Angry Orchard Cider Co.

Flavor of the elderflower blossoms in beverages

Published: Tuesday, Apr. 9, 2013 - 12:00 am | Page 1D
Last Modified: Wednesday, Apr. 10, 2013 - 8:15 am

Spring is in full effect and elderflower is everywhere. And we're not just talking about the elderberry bushes that grow along the American River, but elderflower in cocktails, in a new line of cider and even over duck at the Firehouse in Old Sacramento.

The aromatic elderflower remains a favorite foraging item for Hank Shaw, the James Beard-nominated blogger and cookbook author who lives in Orangevale. His website,, houses numerous elderflower-related recipes including elderflowers with venison and elderflower fritters.

"For me, it's all about the aroma," Shaw said. "What I do every year is make elderflower syrup. It's good for anything. Depending on my mood, I might mix (the syrup) and make soda. Or maybe I'll make an elder-tini."

Elderflower has a long history in European cooking. Recipes for elderflower cordials, or low-alcohol drinks served after a meal, have existed for centuries in central Europe. The preparation generally calls for steeping the flower heads into a syrup, then adding citrus and other ingredients, and diluting the final mixture with water, soda or alcohol.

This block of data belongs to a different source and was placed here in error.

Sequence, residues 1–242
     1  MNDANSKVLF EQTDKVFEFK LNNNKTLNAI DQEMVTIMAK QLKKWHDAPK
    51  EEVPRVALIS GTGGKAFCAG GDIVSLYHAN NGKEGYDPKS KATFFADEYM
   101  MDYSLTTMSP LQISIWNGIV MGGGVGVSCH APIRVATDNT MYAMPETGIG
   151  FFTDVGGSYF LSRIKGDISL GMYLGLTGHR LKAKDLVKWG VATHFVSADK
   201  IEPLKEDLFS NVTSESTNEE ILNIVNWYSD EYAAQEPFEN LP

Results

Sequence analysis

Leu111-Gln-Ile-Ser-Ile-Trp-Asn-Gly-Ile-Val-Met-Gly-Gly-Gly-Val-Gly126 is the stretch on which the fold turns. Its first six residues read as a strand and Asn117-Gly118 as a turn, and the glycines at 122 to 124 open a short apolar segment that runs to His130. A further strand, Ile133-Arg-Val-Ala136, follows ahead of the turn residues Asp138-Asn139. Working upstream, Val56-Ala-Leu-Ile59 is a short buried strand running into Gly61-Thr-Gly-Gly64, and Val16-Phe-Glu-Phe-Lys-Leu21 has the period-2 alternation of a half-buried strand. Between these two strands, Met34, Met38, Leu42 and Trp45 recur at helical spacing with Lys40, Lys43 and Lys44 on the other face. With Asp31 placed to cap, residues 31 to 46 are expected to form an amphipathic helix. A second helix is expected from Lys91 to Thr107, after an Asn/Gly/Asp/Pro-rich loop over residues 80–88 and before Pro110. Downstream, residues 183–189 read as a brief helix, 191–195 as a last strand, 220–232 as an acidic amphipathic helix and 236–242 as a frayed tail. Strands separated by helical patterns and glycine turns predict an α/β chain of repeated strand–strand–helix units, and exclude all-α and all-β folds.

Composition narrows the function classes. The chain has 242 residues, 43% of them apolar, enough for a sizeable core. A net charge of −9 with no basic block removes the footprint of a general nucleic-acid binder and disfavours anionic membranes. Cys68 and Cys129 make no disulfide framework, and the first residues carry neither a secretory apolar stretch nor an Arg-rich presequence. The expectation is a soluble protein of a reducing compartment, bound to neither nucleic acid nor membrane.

The elderflower liqueur St. Germain was released in 2007 and quickly became a favorite on the craft cocktail circuit. In its debut year, this French liqueur won a double gold medal at the San Francisco World Spirits Competition.

St. Germain has since become a staple of Sacramento craft-cocktail bartenders. It's a key ingredient of the White Linen, a popular gin-based drink created by former Ella Dining Room & Bar bartender Rene Dominguez. St. Germain also makes its way into gimlets and various spritzers around Sacramento.

"Our nickname for it is 'bartender's ketchup,' " said Andrew Calisterio of midtown's Golden Bear. "It goes good with just about anything and you'll see it in just about every bar. It's really floral and adds a sweet note without being sugary."